In 2016, the Partner Shares program provided financial assistance to 154 households to purchase CSA shares. One Partner Shares member, Caitlin Schulze, said she and her partner, Adam, have always valued eating healthy and liked the idea of CSA, but like many people, they just couldn’t afford it on top of the non-produce grocery bill. “We wanted good produce but didn’t have a lot of money, and it’s kind of a hefty price, especially all at once,” she said. “With our loan debt, it just wasn’t very feasible for us.”

Through the Partner Shares program, Caitlin and Adam have been able to afford organic produce through Vermont Valley Community Farm, along with the other benefits of joining a FairShare CSA farm: weekly recipes and storage tips, opportunities to visit the farm, and a direct connection with their farmer. “It has impacted (my diet and eating) more than I thought it would,” Caitlin said. “I have always been healthy, but having a CSA made me realize I was buying the same things over and over at the store, and a lot of the time it wasn’t even in season.”

Another Partner Shares member, Tracy McLachlan, wanted to provide her children with healthy food, especially at a time when they were struggling with stress and depression issues, but knew it was something she could not afford without assistance. “In the past, I would have just made do with the food we could get, but I think the stress made me think that it is better to provide fresh, healthy food, and see if that is helpful,” she said. Providing the CSA food to her family had made all the difference, she said. “I think it has helped us all in having enough to eat, nutritious fresh food in the fridge, and really a colorful fresh plate is so much more appealing to eat,” she said. “It has helped me feel better about my parenting to be able to set out salads, berries, cucumbers, and carrots that taste amazing.”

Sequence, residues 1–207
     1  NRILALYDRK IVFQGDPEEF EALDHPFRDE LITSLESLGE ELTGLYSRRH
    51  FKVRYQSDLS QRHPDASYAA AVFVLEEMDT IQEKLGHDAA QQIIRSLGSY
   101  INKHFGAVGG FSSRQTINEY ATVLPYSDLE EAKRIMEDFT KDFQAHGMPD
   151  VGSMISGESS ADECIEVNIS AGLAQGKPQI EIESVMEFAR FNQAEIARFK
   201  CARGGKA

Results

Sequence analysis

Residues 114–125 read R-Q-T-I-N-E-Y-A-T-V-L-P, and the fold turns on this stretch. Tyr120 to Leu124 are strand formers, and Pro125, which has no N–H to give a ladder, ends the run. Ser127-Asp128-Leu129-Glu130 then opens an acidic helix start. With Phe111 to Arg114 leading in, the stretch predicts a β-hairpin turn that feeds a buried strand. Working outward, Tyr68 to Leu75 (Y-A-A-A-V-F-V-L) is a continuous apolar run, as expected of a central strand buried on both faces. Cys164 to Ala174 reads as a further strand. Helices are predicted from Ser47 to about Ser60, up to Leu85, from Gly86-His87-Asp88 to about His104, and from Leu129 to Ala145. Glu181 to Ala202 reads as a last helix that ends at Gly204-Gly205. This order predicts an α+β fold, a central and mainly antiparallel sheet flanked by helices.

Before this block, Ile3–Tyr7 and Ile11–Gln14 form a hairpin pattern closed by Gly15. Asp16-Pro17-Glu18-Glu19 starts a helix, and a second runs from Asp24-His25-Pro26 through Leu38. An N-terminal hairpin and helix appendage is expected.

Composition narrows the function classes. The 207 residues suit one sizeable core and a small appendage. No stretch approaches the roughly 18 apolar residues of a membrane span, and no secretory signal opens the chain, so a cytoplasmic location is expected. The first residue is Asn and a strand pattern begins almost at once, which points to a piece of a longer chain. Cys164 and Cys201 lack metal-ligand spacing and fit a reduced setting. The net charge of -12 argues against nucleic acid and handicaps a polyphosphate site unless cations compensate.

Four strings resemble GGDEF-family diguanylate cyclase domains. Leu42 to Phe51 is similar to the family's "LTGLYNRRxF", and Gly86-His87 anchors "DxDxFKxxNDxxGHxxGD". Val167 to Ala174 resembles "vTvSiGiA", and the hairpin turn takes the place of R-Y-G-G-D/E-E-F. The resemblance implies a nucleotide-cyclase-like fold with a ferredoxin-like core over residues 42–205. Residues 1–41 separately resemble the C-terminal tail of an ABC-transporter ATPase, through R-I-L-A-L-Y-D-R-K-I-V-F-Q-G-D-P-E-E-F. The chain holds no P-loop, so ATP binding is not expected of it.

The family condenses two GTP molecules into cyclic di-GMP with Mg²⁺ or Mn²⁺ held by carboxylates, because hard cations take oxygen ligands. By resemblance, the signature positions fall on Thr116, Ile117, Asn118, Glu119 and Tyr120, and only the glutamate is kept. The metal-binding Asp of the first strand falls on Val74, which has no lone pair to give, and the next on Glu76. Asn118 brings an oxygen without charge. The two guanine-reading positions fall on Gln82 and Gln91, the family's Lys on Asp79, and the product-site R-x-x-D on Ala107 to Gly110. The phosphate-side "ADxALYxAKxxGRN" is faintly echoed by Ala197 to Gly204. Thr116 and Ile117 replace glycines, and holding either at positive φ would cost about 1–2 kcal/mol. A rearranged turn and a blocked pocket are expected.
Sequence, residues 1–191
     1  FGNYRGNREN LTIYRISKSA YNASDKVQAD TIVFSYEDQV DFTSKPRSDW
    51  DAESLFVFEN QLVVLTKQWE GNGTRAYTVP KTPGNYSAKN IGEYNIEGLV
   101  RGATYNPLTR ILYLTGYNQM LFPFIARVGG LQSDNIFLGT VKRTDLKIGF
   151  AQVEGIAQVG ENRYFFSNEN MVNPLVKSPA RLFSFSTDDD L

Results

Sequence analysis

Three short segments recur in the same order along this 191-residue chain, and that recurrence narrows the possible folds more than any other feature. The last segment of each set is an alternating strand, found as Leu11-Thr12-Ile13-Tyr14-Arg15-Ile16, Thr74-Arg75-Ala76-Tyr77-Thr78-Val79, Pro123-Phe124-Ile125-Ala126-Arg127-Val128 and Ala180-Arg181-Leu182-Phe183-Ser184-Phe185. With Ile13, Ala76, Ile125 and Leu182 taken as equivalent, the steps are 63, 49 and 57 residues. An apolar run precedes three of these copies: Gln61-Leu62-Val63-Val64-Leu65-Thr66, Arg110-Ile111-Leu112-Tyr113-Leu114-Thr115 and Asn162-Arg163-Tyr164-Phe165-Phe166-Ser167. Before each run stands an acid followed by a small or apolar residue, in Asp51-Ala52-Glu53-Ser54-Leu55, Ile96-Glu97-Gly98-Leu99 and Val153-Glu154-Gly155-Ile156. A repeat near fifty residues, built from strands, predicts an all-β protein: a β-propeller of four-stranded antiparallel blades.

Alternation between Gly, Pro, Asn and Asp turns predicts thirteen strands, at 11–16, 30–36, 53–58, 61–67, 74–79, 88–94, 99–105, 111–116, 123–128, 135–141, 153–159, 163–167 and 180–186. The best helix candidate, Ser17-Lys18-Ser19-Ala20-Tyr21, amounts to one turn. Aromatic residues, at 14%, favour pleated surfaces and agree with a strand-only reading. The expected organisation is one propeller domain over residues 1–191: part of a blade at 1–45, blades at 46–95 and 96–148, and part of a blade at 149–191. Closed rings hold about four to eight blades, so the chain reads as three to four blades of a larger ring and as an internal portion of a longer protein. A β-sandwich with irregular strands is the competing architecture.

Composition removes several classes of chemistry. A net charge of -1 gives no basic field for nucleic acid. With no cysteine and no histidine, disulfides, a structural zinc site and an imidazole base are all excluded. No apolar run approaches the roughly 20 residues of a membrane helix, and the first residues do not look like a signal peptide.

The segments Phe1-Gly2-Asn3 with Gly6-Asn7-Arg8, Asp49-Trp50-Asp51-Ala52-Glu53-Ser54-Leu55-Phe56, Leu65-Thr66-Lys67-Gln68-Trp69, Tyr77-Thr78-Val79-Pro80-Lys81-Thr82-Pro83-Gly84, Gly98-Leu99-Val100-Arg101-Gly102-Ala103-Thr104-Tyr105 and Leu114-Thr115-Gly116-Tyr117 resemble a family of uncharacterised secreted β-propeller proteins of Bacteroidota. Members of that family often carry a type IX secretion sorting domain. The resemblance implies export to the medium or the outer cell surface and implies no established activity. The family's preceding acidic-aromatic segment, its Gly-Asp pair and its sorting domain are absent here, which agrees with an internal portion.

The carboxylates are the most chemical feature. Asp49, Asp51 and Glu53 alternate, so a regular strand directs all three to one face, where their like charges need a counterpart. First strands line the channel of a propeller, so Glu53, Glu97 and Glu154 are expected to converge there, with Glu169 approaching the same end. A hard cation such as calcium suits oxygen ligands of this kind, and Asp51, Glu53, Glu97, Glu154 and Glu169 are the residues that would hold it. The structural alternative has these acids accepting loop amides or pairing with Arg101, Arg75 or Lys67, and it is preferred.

Local organizations are also participating in the Partner Shares program. At Bee Balm Learning Center, receiving a CSA share is not only a convenient way to bring high-quality food to more families, but it is also an educational opportunity for young children, said Administrator Bekah Barrales. “Healthy eating habits start early in life, and I think it is important that we do our part to raise ‘healthy eaters,’” she said. “For some families funding is a huge obstacle to (CSA), and I think it is up to us, as a community, to find ways to help each other. Nutrient dense foods can add so much to everyone’s quality of life, that it is important to make it a priority.”

REAP and Community Action Coalition

In Dane County, there is certainly a strong community of people working to increase food access: REAP Food Group is bringing farm fresh snacks into the classroom with farm-to-school, Second Harvest is signing up more people for SNAP to increase their grocery purchasing power, and Community Action Coalition (CAC) is working on incentives for purchasing fresh foods with SNAP through the farmers market Double Dollars program, to name a few.

And rather than creating competition, it is important to forge connections between these groups to work toward a common goal. “We recognize (at CAC), and many other organizations recognize, that food is critical to nourishing the minds and the bodies of the people who make our city great, and who are going to drive positive change in our community,” said Erica Anderson of the CAC. “Before any progress can be made, people have to be fed. I think there are so many commonalities between people working in the food system.”

FairShare is working hard to maintain CSA as the foundation of a healthy, local food system, while also forging connections by working with food pantries, farmers markets, and other community members and organizations.

Today, CSA farmers face many challenges amid a complex and evolving food system. How can CSA compete with the price of cheap food options, or the convenience of grocery stores? In community supported agriculture, the answer lies in connecting with one another, and investing in food that has a story behind it. It’s about knowing where and how food is grown, who’s growing it and how those practices impact the land, the environment and people. 

FairShare has grown and changed tremendously over the last 25 years, but still holds firm to its original goals. “We want to strengthen farms and the connections between people and the land and where their food comes from,” said Executive Director Erika Jones. “With these strong connections, people will be better equipped to understand and act for the good of the whole food system.”

FairShare believes that because of these connections, CSA is more than just one local food option—it is the backbone of a strong local food system.